Monday, June 12, 2006

Khomeini's grandson calls for foreign military intervention in Iran

The Middle East Media Research Institute (MEMRI)-In an interview with the Al-Arabiyya TV website ( ) on the occasion of the 17th anniversary of the death of Islamic Republic of Iran founder Ayatollah Ruhollah Khomeini, Ayatollah Khomeini's grandson Ayatollah Hussein Khomeini said that the current Iranian regime was "a dictatorship of clerics who control every aspect of life," and called for foreign intervention to topple the regime.

"The revolution rocked the foundations of society, which had [previously] been conservative and had rejected freedom. The revolution prepared society to accept democracy and freedom. Thanks to the revolution, all sectors of [the Iranian] society, from the educated class to the peasants and the women, are now able to accept [the notion of] freedom and have become politically aware."

Khomeini further said that his meeting with the son of the deposed Shah Reza Pahlavi was "an ordinary meeting with a man who shares my suffering. The [cause] of our suffering is one and the same, namely tyranny, though each of us has his own [political] orientation..."

Addressing the issue of the hijab (i.e. the veil), Khomeini said that if he came to power in Iran, he would first of all "pass a law which makes the wearing of the hijab an optional choice for Iranian women. The Iranian regime shackles women by forcing [them to wear] the hijab in its ugliest form - namely a black [veil], even though the [veil] may be colorful. Girls coming out of schools or out of the university [campuses look] depressingly somber. I am personally in favor of the hijab, but not like this. The hijab is a personal issue. If a woman wants, she may [wear it], and if she doesn't [want it], she may [refuse it]. Many female relatives of my grandfather Khomeini did not wear the hijab..."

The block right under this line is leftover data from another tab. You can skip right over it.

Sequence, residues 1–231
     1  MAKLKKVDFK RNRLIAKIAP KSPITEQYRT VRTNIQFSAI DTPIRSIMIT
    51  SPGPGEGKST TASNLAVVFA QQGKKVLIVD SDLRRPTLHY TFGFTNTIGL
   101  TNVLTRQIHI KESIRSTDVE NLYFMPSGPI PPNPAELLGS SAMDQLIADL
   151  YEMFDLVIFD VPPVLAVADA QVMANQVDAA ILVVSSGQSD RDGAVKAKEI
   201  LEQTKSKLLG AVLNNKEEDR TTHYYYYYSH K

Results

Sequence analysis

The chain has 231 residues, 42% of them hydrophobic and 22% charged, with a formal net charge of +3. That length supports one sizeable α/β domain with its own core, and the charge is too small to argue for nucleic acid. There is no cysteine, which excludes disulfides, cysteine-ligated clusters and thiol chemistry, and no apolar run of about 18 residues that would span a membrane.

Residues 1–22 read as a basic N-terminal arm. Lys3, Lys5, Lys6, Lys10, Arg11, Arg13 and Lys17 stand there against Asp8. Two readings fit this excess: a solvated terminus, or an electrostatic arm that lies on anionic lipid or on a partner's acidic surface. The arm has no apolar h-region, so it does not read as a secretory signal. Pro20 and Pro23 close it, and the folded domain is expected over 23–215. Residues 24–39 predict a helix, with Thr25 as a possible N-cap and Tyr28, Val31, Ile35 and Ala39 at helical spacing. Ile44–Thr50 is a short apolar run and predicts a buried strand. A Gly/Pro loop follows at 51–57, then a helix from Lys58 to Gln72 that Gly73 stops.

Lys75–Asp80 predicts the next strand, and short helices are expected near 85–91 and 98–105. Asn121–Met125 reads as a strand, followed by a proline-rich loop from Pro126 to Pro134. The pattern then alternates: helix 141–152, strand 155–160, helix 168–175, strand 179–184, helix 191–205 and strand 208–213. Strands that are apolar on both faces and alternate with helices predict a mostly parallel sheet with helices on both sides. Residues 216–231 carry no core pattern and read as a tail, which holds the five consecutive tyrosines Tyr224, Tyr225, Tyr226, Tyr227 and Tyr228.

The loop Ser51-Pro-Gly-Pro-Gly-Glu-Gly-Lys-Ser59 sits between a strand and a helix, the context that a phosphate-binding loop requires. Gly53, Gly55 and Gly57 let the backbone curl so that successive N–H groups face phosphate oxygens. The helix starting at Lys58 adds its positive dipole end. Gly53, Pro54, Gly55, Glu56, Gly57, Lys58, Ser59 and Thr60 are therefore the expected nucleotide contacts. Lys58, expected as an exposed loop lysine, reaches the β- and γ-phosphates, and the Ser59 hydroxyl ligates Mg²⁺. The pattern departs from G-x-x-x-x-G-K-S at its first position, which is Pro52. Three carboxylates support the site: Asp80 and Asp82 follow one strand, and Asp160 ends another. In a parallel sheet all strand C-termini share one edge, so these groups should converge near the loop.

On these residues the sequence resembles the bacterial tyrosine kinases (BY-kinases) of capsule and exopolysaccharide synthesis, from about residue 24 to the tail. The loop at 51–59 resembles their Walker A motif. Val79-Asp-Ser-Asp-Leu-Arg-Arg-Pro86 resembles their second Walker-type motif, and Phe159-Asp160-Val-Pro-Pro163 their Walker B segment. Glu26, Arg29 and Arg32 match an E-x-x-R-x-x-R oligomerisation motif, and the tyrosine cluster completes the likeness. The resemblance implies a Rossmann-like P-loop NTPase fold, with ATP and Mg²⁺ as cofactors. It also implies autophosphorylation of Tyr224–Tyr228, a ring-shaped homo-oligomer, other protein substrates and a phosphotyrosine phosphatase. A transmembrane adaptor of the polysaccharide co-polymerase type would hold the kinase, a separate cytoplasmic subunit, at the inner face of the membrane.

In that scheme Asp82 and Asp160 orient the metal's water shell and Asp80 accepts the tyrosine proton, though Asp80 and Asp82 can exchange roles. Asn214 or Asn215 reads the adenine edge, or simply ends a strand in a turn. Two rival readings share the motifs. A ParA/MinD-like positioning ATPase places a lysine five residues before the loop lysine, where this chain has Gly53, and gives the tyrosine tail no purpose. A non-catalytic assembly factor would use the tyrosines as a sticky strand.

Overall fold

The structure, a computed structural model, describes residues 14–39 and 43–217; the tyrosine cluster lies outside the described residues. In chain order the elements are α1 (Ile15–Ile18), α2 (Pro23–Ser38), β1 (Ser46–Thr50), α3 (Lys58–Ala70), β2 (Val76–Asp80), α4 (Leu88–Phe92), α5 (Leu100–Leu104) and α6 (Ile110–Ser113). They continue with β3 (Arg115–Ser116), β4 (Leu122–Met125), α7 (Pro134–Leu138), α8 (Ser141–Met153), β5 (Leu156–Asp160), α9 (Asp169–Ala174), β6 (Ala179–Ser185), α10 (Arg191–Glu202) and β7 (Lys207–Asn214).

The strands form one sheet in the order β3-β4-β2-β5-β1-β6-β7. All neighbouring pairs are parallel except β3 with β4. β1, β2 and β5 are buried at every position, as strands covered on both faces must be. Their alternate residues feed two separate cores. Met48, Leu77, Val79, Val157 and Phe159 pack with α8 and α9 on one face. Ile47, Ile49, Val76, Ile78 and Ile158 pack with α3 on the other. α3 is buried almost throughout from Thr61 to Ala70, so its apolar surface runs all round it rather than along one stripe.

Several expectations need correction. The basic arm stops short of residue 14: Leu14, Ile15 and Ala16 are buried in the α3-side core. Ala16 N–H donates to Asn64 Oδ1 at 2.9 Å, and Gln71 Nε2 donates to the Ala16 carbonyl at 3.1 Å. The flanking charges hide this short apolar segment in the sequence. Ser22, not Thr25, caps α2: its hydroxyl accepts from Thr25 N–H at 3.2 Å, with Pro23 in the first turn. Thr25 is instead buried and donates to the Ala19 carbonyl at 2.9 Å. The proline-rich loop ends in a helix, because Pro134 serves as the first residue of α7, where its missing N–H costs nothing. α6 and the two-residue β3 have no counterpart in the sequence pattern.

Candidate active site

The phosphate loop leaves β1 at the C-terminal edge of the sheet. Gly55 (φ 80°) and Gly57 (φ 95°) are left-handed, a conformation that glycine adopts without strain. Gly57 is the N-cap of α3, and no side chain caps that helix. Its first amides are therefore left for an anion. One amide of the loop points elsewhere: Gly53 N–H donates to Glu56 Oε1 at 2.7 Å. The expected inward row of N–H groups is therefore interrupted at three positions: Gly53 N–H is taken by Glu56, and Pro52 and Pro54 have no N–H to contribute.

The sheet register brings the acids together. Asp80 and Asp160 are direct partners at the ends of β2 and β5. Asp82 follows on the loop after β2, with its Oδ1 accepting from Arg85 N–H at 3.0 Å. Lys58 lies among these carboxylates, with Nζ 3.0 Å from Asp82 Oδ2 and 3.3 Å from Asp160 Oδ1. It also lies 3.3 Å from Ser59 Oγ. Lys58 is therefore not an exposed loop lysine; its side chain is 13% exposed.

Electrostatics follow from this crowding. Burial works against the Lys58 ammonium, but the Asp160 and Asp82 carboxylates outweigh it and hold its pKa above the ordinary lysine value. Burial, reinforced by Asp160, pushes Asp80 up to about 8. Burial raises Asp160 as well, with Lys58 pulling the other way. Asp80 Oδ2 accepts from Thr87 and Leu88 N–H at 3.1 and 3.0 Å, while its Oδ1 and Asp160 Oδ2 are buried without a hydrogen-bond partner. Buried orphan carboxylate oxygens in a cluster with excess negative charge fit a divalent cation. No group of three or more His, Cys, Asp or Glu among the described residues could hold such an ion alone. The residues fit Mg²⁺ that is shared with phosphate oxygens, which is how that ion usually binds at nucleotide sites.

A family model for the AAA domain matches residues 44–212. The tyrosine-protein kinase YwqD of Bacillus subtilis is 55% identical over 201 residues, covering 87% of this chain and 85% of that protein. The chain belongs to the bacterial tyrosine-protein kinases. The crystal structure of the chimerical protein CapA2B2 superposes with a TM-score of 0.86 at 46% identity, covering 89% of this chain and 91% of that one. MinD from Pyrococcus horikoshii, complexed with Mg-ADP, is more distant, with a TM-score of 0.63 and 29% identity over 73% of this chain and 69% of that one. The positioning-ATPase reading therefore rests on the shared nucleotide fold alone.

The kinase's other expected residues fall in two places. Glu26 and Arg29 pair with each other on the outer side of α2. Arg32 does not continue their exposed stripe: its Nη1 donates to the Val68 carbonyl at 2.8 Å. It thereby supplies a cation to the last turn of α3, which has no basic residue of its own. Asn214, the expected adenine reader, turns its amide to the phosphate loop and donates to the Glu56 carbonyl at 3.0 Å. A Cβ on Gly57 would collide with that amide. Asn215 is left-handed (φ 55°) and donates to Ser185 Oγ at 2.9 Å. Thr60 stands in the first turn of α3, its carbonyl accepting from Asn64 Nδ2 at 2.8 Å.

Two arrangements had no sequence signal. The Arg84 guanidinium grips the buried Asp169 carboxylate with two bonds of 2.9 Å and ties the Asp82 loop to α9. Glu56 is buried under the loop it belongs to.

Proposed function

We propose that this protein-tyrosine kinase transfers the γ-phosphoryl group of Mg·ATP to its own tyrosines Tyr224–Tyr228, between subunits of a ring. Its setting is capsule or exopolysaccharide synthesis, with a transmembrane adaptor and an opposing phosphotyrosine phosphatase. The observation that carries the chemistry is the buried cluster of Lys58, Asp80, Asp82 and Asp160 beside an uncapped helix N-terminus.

The Al-Arabiyya website stated: "As for his call to American President George Bush to come and occupy Iran, Hussein Khomeini explained that 'freedom must come to Iran in any possible way, whether through internal or external developments. If you were a prisoner, what would you do? I want someone to break the prison [doors open]...'"